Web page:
The 10 acre roof of the new Boeing 787 airplane factory in North Charleston, South Carolina will be covered with enough thin-film solar panels to provide a fifth of the plant's power. The rest will come from a nearby biomass facility, which will be powered by shrub and tree waste.
The key to keeping costs under control for the project is the unique nature of thin film solar panels — the vinyl siding of the solar world — which are a plastic laminate and are much cheaper than the traditional "crystalline" solar panels most of us think of when we think of solar power. Thin film isn't as efficient as crystalline panels, but its reduced cost makes it possible to install much, much more of it. If you happen to have, say, a giant roof just crying out for solar tiling, that works out.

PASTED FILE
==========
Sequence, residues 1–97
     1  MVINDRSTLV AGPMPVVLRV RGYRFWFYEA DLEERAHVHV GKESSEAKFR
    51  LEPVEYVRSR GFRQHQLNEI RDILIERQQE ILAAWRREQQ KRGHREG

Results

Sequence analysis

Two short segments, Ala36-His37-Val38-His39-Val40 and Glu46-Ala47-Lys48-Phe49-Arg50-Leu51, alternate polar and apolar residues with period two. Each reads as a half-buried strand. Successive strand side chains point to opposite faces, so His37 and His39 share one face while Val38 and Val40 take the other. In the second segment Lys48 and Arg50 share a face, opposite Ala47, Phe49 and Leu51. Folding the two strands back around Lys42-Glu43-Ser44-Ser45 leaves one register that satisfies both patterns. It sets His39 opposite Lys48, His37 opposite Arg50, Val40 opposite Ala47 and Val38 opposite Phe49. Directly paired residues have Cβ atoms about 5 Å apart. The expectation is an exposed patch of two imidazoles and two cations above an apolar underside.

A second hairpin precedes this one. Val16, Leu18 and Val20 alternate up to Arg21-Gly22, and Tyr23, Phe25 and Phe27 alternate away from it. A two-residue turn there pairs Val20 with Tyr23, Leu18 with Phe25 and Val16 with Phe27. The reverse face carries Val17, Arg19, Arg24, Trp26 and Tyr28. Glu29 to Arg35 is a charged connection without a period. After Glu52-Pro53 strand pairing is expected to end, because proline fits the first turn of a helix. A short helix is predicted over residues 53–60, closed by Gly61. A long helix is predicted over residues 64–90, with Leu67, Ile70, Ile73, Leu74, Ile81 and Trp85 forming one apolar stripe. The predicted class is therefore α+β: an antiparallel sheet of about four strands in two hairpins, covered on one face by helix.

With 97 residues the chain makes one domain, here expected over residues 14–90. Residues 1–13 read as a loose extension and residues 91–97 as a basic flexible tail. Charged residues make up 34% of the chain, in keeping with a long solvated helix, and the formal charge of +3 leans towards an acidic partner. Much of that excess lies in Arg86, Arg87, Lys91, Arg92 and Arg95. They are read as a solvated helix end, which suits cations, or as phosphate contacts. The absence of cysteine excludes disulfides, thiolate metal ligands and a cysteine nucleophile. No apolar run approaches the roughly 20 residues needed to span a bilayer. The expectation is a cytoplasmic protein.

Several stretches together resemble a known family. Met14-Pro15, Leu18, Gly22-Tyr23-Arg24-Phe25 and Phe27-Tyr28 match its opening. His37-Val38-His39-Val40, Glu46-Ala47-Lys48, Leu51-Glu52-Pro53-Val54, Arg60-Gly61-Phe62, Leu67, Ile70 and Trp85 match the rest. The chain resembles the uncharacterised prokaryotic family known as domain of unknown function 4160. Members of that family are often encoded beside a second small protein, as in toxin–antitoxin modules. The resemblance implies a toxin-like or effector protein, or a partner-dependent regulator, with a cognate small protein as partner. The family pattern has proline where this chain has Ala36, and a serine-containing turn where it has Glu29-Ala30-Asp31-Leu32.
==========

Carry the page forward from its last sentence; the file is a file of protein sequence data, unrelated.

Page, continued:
The plant will also be a "zero waste" facility, which means it won't send anything to the landfill, an increasingly common practice among companies that recognize that eliminating waste is also good for their bottom line.
Boeing has also pledged to take care of its planes in their afterlife, by recycling the composites that make up most of the plane.
While Boeing is to be applauded for taking some pretty radical steps toward making its 787s sustainable, the irony the company can't get around is the enormous carbon footprint of the airline industry. But if there’s anything cooler than going green, it’s irony.
787 line in South Carolina is going solar, <i>The Herald</i>.
Get Grist in your inbox